As a kid in England, technology meant nothing to me. I was as far away from being a tech geek as you could be. My neighbor was super cool as he had an Atari system. Even the little kid I babysat for had a simple computer through the TV. I remember a handful of kids doing a “computer” class. I am sure the computer was housed in some warehouse! But, my family was not techie at all.
The funny part is that my dad is a nuclear engineer. If I wanted to read up on power plants or nuclear fusion, I had scads and scads of books and binders at my disposal. Back in the early 80s we didn’t have a microwave, a VCR, or even a game system even though many of our neighbors had them.
My children would be hyperventilating to hear about a life before…
- ipods…I was given a Sony Walkman “4” that played only cassette tapes in 1983. I lugged this somewhat portable device that came with a shoulder strap to college in Amish Country, PA, from my hometown in England along with Duran Duran Rio, Wham, and another tape I care not to remember.
- cell phones
- CD players…as late as 1981 I had a record player without a built-in tape deck or radio. To record music, I played a 7″ single or 12″ album while dangling a microphone over and recorded it to a small cassette player. And yes, you could hear all the noises of the room I was recording in…breathing, scraping of chairs, my mother calling me for dinner…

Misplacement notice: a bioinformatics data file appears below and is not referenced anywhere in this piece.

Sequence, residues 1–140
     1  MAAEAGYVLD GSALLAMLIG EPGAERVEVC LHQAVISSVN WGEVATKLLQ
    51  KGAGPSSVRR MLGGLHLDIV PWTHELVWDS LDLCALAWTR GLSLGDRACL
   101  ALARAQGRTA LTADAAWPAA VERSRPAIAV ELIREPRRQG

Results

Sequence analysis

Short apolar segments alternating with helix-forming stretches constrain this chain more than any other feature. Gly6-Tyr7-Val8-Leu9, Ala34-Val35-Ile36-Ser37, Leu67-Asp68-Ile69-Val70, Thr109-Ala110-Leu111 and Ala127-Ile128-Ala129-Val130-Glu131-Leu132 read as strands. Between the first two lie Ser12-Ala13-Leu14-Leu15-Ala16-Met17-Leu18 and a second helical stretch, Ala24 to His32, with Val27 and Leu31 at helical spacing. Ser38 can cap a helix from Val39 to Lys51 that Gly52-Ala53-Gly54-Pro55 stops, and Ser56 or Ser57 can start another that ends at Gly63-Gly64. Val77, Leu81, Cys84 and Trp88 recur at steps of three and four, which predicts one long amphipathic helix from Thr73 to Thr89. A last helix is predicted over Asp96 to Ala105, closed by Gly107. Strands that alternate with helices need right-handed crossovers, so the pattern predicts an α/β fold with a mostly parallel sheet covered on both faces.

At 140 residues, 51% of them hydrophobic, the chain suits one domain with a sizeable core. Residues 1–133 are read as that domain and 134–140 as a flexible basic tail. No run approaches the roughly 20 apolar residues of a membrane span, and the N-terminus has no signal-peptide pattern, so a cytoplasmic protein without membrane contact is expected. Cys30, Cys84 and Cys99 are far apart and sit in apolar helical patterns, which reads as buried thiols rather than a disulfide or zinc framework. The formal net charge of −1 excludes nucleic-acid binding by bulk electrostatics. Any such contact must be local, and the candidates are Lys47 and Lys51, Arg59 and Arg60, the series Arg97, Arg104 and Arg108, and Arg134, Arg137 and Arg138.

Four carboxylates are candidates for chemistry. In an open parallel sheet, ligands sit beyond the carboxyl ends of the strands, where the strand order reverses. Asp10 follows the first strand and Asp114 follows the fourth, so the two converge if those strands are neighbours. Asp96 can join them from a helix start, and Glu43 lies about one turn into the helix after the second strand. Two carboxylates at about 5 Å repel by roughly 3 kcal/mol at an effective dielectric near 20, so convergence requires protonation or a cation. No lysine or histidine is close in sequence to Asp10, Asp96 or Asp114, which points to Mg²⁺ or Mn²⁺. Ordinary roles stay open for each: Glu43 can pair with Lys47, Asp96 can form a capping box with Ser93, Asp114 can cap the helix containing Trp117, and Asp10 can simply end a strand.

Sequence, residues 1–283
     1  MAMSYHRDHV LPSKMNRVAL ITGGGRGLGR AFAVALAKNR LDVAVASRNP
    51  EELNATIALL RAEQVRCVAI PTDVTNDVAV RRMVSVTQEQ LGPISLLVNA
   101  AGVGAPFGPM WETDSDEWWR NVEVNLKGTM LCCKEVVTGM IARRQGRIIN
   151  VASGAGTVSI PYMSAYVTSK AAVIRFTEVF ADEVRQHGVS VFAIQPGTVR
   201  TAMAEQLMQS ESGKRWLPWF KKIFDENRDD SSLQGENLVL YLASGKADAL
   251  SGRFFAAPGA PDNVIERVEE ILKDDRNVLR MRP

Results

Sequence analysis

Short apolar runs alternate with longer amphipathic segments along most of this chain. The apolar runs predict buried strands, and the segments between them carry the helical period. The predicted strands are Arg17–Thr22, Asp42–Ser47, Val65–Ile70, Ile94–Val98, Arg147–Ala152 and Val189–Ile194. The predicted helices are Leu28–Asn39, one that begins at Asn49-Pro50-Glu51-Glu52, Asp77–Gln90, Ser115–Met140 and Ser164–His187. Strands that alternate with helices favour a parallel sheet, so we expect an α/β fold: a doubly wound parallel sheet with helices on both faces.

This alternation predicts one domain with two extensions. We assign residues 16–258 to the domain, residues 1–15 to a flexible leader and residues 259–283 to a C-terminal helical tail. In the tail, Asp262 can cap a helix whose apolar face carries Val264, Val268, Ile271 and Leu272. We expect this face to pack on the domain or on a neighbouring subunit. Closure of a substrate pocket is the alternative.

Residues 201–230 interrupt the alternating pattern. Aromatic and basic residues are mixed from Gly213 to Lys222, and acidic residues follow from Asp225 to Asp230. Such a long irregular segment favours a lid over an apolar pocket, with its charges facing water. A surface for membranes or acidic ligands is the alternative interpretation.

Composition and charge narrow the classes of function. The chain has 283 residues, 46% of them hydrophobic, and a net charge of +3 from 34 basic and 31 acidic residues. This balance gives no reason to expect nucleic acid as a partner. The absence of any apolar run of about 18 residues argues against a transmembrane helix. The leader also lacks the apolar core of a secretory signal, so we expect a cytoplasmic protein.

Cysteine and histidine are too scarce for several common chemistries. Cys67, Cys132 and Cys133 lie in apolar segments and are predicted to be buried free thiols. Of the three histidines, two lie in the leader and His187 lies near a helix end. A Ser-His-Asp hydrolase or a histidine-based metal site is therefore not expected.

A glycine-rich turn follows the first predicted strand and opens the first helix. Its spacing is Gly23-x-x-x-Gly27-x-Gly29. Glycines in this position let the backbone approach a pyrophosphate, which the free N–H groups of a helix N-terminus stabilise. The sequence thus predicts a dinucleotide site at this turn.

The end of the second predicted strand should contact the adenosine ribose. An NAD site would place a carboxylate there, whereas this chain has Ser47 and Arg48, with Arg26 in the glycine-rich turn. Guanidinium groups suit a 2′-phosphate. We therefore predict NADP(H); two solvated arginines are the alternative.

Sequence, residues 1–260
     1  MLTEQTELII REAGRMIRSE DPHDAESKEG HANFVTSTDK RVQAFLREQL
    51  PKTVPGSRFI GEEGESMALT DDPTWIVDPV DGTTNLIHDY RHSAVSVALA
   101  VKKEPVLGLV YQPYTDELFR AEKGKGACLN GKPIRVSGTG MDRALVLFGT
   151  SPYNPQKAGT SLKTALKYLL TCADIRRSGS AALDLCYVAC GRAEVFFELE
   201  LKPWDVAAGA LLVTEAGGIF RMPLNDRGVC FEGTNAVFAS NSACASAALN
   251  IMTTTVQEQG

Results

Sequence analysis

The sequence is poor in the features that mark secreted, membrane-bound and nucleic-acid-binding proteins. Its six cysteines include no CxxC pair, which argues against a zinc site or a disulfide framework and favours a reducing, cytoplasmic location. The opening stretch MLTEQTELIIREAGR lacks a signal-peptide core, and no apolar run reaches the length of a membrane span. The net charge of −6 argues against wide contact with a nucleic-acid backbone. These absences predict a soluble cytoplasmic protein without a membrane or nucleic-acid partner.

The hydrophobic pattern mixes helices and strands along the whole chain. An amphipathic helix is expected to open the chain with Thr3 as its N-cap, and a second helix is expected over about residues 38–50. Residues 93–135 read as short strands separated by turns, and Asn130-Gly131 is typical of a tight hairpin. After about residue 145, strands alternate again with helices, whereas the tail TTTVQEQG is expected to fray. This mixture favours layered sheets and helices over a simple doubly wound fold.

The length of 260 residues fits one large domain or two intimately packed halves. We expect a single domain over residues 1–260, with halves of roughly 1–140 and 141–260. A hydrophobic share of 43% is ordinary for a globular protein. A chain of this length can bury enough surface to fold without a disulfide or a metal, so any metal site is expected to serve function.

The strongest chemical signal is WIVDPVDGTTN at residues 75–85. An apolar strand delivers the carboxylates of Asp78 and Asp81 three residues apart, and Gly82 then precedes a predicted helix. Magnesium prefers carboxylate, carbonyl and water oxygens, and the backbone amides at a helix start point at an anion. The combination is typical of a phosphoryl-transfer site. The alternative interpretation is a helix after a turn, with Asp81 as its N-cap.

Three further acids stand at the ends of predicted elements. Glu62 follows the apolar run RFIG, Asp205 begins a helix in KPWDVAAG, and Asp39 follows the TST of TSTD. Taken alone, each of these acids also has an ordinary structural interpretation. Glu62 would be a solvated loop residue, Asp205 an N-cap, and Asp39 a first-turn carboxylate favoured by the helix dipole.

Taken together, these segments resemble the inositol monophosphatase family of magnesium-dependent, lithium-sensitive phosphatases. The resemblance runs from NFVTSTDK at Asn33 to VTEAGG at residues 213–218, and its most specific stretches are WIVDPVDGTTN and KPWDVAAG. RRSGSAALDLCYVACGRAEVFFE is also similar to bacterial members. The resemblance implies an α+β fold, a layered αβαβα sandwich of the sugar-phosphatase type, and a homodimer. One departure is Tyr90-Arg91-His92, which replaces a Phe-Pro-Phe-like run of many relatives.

- personal computers…the Mac was introduced my freshman year of college.
- wireless internet…anyone else have a 100-foot cable to connect your personal computer to the home phone line? Just me?!
Tech wise my family was decidedly untechy. Today, my family is the very epitome of techy-ness. We have a number of itouches, a couple of smartphones, a regular cell phone, game systems galore, and several digital cameras.
I read a blog post this morning, which inspired me to write a post on technology. Carrie over at Carrie with Children posed the question: What is technology? Computer? Windows?
I answered by describing all those terms mean to me:
Technology helps me live an easier life, but I fear technology as well. I get sweaty palmed reading an instruction manual. I need a phone or other device that is very user-friendly.
A computer is my lifeline for my work, my children’s school, my out-of-town family, and my daily everyday life. Without a computer, I would get by. I would handwrite everything…but my writing is quite untidy. I would keep boxes of photos that I would never be able to collate, size, and organize. I would probably have to use the phone to find a pizza delivery place, locate a music class, or search for a plumber. I would get by, but with a computer I can do so much more.
Windows… I’m old enough to remember the dreaded MS-DOS. I can’t tell you the number of times I spent precious minutes entering a string of code only to find that one code…one single letter or number…was incorrect. The blue screen of death is what I remember most about DOS. Windows allows for more point and click. Much more user friendly. Oh and back in the days of MS-DOS there was no need for a mouse as the only way to navigate your way through the computer was via keystrokes. I. Don’t. Miss. DOS!